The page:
"We're not putting a date on those things, but we are very much hoping to reschedule the in May, June or even July, once we know the trajectory of this virus, at least here. We'll be keeping tabs and communicating to volunteers every week, giving them updates."
Instead, Kovari said, the city's volunteer base is continuing to make calls, send emails, posting on social media platforms and even encouraging residents to post photos of themselves taking part in the census count on Instagram.
"This is something we can all do," she added.
Geraldina Hernandez, parish secretary of Most Holy Redeemer Church in southwest Detroit, said census volunteers were supposed to pass out information following masses this upcoming Sunday and the one after. But those have all been canceled due to the virus, she said.
"As of right now, with our services being canceled for the weekends, I don't know how we're going to spread the word (about the census) to the community," said Hernandez, noting the church hosts three masses in Spanish on Sundays and usually has about 600 individuals who attend each. "It is important especially for Hispanic people. We want our voices to be heard."
The census in a statement on Sunday said it was adjusting operations as it continues to monitor the coronavirus and guidance of federal, state and local health authorities. It also has established an internal task force.
As of Sunday, more than 5 million had responded online to the 2020 Census. The planned completion date is July 31, however "that date can and will be adjusted if necessary as the situation evolves in order to achieve a complete and accurate count," the statement reads.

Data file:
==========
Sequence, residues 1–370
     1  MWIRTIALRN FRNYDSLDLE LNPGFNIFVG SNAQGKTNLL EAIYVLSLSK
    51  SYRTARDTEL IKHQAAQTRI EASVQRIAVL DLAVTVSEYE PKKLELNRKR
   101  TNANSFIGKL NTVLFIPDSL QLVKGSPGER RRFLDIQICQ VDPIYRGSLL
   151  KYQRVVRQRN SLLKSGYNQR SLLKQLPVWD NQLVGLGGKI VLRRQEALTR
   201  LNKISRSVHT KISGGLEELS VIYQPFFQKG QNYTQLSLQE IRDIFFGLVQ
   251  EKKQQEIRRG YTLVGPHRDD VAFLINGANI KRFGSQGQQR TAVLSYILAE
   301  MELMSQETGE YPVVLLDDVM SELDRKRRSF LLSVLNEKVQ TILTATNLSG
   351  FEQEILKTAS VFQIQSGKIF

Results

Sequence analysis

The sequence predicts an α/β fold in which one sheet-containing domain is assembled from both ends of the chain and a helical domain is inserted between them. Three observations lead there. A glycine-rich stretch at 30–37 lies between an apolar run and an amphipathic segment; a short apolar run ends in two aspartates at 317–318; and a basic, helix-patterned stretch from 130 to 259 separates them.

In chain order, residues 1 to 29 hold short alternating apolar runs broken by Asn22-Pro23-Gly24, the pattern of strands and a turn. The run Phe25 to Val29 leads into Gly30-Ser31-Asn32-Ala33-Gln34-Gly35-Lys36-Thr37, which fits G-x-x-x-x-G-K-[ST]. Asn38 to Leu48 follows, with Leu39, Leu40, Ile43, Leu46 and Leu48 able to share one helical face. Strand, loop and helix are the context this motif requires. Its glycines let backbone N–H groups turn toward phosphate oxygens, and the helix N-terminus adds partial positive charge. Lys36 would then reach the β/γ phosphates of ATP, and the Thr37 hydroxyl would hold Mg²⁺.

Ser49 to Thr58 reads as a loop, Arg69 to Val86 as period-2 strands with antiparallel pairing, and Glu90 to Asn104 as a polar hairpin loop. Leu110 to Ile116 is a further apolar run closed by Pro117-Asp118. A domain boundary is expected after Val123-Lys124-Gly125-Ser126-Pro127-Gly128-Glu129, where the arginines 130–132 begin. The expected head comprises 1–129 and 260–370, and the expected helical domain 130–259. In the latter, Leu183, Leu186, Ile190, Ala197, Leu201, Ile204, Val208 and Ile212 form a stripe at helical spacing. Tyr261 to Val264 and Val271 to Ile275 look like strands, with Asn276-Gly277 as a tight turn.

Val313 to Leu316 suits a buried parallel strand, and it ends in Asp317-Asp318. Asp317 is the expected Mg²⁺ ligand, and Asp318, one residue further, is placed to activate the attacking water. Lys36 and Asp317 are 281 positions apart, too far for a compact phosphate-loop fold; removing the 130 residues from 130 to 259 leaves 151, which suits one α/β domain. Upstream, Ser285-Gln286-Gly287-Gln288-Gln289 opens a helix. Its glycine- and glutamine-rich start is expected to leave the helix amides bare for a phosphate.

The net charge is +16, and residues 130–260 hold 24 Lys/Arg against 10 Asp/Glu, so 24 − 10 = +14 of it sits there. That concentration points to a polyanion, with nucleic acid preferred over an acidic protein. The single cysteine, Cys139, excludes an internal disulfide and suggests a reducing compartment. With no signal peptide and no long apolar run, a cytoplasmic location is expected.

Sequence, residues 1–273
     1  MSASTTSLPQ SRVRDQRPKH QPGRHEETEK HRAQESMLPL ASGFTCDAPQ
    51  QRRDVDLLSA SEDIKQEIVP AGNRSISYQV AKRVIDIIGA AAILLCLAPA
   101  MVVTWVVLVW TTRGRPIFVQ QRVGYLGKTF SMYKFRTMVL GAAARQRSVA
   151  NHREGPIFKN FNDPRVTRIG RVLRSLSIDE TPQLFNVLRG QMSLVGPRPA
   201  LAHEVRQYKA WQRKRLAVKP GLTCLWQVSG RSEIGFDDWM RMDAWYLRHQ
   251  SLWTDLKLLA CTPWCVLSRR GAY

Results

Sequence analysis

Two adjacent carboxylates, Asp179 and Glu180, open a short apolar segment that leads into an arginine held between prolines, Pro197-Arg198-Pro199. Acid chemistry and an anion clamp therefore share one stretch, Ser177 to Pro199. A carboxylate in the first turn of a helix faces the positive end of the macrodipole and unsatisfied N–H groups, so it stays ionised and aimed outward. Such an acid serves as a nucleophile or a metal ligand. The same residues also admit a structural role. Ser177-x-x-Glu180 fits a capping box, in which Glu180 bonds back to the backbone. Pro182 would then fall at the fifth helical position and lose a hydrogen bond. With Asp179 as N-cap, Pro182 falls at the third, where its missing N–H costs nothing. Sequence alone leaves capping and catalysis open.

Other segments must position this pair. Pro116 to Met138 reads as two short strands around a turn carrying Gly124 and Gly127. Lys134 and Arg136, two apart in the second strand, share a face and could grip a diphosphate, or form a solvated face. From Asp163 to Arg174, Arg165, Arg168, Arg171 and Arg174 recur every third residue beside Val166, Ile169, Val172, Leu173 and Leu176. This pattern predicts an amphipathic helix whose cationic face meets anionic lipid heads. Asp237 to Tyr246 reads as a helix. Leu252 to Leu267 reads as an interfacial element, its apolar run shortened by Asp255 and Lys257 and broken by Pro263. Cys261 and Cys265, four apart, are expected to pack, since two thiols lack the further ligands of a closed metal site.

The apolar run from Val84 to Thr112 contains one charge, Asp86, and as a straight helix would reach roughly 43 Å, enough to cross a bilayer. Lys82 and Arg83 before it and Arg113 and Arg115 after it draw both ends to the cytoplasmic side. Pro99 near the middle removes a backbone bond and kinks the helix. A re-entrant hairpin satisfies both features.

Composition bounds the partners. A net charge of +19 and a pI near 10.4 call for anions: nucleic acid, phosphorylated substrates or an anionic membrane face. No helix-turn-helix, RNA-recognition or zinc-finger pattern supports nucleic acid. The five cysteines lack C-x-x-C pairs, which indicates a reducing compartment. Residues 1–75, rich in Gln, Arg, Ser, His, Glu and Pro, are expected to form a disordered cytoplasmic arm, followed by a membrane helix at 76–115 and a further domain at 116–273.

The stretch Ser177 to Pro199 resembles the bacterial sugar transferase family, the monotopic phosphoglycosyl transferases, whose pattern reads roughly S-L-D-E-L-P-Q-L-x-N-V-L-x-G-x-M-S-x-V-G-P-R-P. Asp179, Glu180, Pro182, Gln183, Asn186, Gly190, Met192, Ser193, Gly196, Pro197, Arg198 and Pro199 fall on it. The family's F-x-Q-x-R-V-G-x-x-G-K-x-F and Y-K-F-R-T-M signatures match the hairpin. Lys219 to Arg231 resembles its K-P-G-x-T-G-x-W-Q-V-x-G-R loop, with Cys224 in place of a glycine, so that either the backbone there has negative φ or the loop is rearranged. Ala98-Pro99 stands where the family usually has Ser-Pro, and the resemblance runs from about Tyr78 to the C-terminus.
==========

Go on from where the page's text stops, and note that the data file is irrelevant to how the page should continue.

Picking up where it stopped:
The census also noted that it was adjusting operations to make sure college students are counted. The majority have chosen to respond electronically, others chose drop-off/pick-up allowing student response via an Individual Census Questionnaire. The census is now contacting various schools to ask whether preferences would like to be changed in light of the virus, and asking schools to contact their students and remind them to respond, it noted.
Kovari said the city is working to ensure college students, who will receive their forms at campus addresses, are still being counted even though they may temporarily have relocated based on closures sparked by the virus.
"They would normally be counted as Detroiters," she said. "We're still hoping that they do that (the census), even though they may not be on campus at this time."
The census said its urging group housing administrators to choose response options that require less in-person contact.
Additionally, it is working with service providers at emergency and transitional shelters, soup kitchens and mobile food vans to adapt plans to count the populations they serve. The plan had been to conduct those interviews between March 30 and April 1.
Census officials in recent days have noted it has a "significant contingency budget" to address costs of operational changes and will hire more workers, as needed, to "manage operations out of different offices or mail additional reminders or questionnaires to areas affected by an outbreak."
In Detroit, about 86% of households are slated to receive paper census forms in the mail as well as an accompanying letter with a code to complete the forms online. The remaining 14% received only an invitation with an internet code to fill it out, Kovari said.
Kovari said Detroit's census team had plans to send canvassers out to areas where response rates are anticipated to be low. The prospect of resuming that plan will be revisited next month. Officials, she said, don't want to put census captains at risk.
"We're going to adapt. We're going to be flexible and keep working at it," she said. "We just frankly put too much of our heart and soul into this to give up on it now. We're not giving up."